Author Archives: brianhuman

Ipswich Encounters

‘To Ipswich with Roy [Hammans] and Dave [Runnacles].  Street photography nearly got me into trouble.  First. A woman took exception to me photographing her on Westgate Street – I didn’t respond and just kept on walking.  Second, after taking pictures … Continue reading

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Agapanthus

The agapanthus derives its name from two Greek words: agape, which means love; and anthos, which means flower. Together, the agapanthus is the flower of love. In the traditional language of flowers it meant ‘love letter’.  Maybe this flower suggests … Continue reading

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Anglesey Abbey – Re-imagined Images

Lord Fairhaven’s work to create a great garden in the uninspiring Fen-edge landscape at Lode was something of a magnificent obsession.  Pevsner describes the grounds as ‘embellished by much statuary skilfully disposed’, an eclectic classical collection gathered on the Lord’s … Continue reading

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Talking Pictures 4 – Bill Jay

My photographic education continues: a copy of On Looking at Photographs – A Practical Guide, David Hurn/Magnum in conversation with Bill Jay (Lenswork 2000), has arrived from St Louis.  In the introduction they say: ‘Its purpose is to suggest how … Continue reading

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Talking Pictures 3 – John Szarkowski

Yesterday’s post suggested that Szarkowski’s Looking at Photographs is still relevant to the way we discuss photography, but that’s not to say that everything has stayed the same.  He treats all photography as conceptual before the introduction of dry plates … Continue reading

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Talking Pictures 2 – John Szarkowski

It’s 45 years since John Szarkowski’s Looking at Photographs was published.  I wonder how many photographers read it now (or any other critical texts on photography for that matter)?  I think he still has a lot to offer, his take … Continue reading

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Clouds

‘Clouds were a particularly good subject for an artist like Coburn [Alvin Langdon Coburn 1882-1966] who sought the broad poetic view of things.  Granted that no two clouds are the same; nevertheless, their meanings (except to farmers and meteorologists) were … Continue reading

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Joan Leigh Fermor 3

Joan Leigh Fermor as a photographer, as opposed to a handmaid to male writers, has long been something of an enigma: the claims made for the quality of her work were hardly borne out by its limited publication during her … Continue reading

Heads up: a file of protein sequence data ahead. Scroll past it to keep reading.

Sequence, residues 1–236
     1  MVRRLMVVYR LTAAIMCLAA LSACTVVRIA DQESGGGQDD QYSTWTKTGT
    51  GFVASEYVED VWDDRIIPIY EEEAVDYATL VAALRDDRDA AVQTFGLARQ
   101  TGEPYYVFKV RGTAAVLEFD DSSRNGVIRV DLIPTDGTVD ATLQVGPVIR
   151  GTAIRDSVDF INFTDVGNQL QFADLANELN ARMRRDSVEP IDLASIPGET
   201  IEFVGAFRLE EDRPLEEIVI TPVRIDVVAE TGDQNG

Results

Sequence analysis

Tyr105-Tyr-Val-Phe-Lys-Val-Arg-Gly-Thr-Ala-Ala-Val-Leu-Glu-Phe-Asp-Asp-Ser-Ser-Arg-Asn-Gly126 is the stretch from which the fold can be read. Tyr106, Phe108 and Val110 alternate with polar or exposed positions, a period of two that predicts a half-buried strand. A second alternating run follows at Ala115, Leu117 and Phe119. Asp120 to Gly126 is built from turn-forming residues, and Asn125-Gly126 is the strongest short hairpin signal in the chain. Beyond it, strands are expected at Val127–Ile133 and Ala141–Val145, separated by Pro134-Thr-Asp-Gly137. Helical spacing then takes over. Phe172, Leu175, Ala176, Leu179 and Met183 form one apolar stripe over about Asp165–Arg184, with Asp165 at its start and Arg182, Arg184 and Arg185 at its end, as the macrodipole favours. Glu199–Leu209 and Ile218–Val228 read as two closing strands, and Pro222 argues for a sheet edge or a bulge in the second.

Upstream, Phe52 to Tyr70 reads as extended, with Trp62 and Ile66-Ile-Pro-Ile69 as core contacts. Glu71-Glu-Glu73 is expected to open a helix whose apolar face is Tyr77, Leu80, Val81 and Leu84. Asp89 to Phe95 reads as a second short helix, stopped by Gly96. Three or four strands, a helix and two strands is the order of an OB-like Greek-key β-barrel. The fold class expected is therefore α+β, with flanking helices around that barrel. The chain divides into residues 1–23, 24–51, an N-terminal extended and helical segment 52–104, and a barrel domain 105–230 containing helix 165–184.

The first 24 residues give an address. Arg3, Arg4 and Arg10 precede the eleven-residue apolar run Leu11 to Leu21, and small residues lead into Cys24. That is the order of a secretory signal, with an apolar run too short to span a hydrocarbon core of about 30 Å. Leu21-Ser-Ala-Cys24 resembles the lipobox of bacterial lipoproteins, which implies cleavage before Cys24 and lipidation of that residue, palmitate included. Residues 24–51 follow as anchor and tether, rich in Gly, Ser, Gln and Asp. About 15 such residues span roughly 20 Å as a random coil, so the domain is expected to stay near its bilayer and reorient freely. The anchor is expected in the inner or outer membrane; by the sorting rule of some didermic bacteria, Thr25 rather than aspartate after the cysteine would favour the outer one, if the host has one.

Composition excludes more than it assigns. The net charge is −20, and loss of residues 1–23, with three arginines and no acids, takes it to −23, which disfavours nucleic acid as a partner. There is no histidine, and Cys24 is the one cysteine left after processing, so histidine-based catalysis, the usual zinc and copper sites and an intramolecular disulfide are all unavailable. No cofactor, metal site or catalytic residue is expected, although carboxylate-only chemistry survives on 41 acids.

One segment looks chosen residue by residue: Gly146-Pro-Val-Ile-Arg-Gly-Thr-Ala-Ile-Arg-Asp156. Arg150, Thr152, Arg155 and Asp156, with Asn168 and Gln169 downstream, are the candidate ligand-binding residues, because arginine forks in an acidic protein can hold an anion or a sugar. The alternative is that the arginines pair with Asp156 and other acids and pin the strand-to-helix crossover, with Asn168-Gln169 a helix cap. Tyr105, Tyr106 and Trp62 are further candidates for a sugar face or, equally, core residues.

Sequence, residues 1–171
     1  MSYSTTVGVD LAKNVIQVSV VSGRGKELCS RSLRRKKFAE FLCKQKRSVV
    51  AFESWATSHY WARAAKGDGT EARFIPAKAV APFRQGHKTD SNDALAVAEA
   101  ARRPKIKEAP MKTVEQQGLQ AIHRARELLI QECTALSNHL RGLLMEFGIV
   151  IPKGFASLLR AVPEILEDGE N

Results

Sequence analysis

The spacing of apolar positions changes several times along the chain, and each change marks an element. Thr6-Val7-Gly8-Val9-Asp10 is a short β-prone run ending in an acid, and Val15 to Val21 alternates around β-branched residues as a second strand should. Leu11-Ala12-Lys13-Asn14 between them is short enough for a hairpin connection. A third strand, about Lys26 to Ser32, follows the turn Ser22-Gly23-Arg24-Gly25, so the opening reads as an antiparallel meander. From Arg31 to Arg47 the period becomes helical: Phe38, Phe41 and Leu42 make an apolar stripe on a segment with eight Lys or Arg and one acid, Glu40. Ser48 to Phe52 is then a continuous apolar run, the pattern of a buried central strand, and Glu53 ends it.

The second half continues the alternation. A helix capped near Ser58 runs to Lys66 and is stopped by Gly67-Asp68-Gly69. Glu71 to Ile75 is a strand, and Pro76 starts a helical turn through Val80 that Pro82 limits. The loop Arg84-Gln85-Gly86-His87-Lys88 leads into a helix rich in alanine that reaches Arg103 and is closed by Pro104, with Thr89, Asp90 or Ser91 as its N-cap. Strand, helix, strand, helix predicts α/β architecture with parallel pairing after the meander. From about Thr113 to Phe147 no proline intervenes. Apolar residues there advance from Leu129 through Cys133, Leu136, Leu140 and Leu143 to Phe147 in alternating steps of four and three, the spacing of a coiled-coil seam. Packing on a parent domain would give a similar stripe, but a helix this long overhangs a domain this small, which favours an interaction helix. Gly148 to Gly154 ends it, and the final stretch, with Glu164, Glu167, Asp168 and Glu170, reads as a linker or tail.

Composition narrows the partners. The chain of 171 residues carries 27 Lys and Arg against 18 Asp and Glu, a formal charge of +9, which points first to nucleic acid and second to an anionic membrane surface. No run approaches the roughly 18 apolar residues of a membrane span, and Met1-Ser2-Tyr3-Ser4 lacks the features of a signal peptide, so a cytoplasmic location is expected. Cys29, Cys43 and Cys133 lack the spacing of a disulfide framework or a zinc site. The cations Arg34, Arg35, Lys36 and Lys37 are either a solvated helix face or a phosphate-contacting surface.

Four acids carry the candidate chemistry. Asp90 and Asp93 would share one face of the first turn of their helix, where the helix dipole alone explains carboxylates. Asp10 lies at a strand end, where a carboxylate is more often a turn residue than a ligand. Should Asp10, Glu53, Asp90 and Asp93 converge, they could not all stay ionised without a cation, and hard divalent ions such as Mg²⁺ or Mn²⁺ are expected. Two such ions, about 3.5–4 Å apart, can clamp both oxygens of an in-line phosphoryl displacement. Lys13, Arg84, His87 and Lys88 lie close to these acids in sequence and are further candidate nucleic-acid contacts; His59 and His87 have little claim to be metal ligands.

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Taking Pictures Revisited

On Friday J asked me why I chose monochrome for the picture of Shingle Street posted on 26th July.  That’s a very good question.  There are three parts to the answer. First, I find Shingle Street a strange, rather haunting … Continue reading

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Cambridge Open Studios

The Cambridge Open Studios has grown into an extraordinary phenomenon with over 370 artists showing their work in 230 venues across Cambridgeshire through four weekends in July.  Its success prompts three questions.  Is Cambridge and the surrounding area exceptionally rich … Continue reading

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For the Birds

A bird is seen as a symbol of the soul, especially as it ascends to heaven after death, in eastern and western art, culture and religion.  The image of a bird and snake fighting represents the conflict between heavenly and … Continue reading

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Talking Pictures

I’ve applied to join the U3AC Photography Forum in 2018-19.  If successful I think I shall focus my efforts on trying to improve the way the Forum talks about photography and photographs, see post 16th June 2018.  There are many … Continue reading

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Fennel

Fennel is both beautiful and useful in the kitchen; I have some growing in my garden.  Growing, but not flourishing, it amounts to no more than a few weedy stems, despite my efforts with the watering can and occasional doses … Continue reading

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Shingle Street 9

Shingle Street is a strange place.  Maybe it’s the remoteness, the restless sea and the unstable shape-shifting shore.  Maybe there are ghosts too. The lost name ‘German Ocean’, remembered only in the eponymous Mansions, echoes to the fervent patriotic clamour … Continue reading

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Russian Friends

Whatever Presidents Trump and Putin are up to, relations between Britain and Russia are poor.  But that’s hardly a surprise: it’s been the historical norm for most of the past 200 years.   The two nations confronted each other in ‘The … Continue reading

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